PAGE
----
My father, who was serene, humorous and full of hobbies….


Prefigured in that paragraph are scenes from Chesterton’s first novel, evidence of the affection for his country but also his love of locality, and major symbols of his faith. From there we move on to a happy and magical boyhood, filled with his father’s stories and the creativity and imagination that was clearly endowed to young Gilbert Keith Chesterton, returning a hundredfold. A toy theatre would be a doorway to infinite worlds, and cardboard cutouts would provide endless inspiration, riding in and out of fairy tales on three fingers: “for those three human fingers are more magical than any magic figures; the three fingers which hold the pen and the sword and the bow of the violin; the very three fingers that the priest lifts in benediction as the emblem of the Blessed Trinity. There was no conflict between the two magics in my mind.” – Dale Ahlquist on Chesterton’s father’s influence on his life and writing, Lecture: Autobiography

“My father, who was serene, humorous and full of hobbies, remarked casually that he had been asked to go on what was then called The Vestry. At this my mother, who was more swift, restless and generally Radical in her instincts, uttered something like a cry of pain; she said, “Oh, Edward, don’t! You will be so respectable! We never have been respectable yet; don’t let’s begin now.” And I remember my father mildly replying, “My dear, you present a rather alarming picture of our lives, if you say that we have never for one single instant been respectable.” Readers of Pride and Prejudice will perceive that there was something of Mr. Bennet about my father; though there was certainly nothing of Mrs. Bennet about my mother.”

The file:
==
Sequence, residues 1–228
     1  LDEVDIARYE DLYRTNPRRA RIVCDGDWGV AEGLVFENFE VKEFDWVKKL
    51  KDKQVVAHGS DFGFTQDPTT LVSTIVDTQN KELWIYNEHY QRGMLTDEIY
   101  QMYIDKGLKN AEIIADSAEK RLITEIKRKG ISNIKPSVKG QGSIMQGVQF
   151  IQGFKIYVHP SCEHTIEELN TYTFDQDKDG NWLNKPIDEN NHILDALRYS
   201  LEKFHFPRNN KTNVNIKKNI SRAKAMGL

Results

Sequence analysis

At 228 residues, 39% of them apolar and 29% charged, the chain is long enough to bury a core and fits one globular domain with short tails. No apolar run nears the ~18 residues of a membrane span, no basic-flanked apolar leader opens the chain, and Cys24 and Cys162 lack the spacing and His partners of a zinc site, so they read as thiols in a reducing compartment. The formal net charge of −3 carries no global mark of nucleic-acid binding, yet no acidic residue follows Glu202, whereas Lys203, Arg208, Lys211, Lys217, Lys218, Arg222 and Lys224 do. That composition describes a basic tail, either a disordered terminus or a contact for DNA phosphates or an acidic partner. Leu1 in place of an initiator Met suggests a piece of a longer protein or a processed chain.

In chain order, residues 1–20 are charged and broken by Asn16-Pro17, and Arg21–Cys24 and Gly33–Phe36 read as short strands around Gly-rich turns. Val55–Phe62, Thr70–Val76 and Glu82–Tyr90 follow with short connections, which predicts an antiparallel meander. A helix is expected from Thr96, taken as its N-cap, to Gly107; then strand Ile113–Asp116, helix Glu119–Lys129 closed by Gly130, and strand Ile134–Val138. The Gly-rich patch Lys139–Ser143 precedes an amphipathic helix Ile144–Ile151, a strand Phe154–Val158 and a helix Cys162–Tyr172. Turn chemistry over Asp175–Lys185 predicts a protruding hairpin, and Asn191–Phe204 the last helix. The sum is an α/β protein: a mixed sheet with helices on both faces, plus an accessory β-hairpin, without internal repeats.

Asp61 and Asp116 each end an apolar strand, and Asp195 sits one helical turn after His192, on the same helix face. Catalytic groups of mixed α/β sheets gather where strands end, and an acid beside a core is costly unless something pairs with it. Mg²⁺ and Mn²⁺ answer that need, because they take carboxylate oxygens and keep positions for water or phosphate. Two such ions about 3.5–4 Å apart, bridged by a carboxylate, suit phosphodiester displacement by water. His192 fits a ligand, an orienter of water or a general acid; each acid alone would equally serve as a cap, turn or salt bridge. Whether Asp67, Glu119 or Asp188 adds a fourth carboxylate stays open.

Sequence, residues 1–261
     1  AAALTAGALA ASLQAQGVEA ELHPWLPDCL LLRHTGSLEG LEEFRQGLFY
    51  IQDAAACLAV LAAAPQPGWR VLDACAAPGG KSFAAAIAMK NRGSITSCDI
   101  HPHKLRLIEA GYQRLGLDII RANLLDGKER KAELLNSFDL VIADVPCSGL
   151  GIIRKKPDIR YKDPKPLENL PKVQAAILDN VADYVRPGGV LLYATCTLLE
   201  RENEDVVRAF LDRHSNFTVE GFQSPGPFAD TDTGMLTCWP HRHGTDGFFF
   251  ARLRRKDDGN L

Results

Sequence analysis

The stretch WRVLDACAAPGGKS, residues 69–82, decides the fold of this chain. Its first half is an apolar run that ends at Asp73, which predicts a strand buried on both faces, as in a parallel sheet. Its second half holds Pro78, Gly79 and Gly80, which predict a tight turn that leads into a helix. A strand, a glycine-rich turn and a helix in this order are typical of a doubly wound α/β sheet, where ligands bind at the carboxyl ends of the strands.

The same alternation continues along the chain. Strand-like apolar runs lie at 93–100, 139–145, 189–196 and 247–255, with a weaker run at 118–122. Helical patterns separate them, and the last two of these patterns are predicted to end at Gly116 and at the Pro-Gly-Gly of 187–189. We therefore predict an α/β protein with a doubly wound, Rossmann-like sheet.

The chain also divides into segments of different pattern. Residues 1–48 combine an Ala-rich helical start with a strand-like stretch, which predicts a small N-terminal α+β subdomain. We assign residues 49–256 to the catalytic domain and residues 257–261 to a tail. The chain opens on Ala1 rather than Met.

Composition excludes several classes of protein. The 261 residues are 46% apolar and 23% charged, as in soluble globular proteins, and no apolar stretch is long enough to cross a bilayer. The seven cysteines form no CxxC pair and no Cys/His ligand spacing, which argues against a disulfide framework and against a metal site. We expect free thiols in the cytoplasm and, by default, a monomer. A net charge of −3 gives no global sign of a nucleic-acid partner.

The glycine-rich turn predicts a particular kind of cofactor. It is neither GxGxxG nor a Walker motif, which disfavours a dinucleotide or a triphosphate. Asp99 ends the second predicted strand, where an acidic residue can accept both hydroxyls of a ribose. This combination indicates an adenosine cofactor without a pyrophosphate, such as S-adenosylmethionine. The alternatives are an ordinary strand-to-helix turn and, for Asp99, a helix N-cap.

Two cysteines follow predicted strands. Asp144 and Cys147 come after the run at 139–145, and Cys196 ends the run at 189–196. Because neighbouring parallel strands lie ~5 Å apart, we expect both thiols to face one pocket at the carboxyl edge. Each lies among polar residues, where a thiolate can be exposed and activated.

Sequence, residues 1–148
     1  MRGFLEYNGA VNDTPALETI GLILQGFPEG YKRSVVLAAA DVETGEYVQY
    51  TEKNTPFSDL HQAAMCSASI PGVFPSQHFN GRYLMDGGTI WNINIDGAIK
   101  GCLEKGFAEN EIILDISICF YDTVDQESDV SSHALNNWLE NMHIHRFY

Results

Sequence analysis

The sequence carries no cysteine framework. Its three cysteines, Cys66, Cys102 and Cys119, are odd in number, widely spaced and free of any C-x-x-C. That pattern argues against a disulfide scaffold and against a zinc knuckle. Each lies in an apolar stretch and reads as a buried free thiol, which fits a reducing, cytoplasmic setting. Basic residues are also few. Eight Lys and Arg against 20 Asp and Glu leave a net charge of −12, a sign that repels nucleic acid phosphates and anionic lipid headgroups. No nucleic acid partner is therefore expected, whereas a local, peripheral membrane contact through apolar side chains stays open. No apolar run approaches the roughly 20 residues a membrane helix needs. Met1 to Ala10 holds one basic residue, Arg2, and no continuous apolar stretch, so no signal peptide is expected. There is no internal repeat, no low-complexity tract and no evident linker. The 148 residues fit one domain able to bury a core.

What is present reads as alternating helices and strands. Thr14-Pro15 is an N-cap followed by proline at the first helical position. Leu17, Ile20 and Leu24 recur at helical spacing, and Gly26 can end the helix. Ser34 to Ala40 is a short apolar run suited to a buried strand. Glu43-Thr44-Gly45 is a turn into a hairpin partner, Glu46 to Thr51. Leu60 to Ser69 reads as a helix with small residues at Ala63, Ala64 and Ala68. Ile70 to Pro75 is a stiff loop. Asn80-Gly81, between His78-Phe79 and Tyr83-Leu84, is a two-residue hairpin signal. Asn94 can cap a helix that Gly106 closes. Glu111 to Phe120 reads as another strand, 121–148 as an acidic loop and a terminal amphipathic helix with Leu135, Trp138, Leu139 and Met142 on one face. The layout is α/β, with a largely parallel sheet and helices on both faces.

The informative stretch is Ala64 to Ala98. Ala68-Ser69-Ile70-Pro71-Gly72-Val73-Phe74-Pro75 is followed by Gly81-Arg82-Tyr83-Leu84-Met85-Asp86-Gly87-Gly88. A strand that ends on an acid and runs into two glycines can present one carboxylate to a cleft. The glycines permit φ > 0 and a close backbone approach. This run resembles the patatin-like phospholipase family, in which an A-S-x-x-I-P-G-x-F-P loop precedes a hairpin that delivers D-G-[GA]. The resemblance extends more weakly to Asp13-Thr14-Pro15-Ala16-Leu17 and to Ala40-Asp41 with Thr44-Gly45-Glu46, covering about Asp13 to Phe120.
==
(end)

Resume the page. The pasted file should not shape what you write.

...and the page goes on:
-G. K. Chesterton, Hearsay Evidence, Autobiography, 1936

Read the chapter: Hearsay Evidence (Gutenberg Online)

Read the lecture: Autobiography (Dale Ahlquist )


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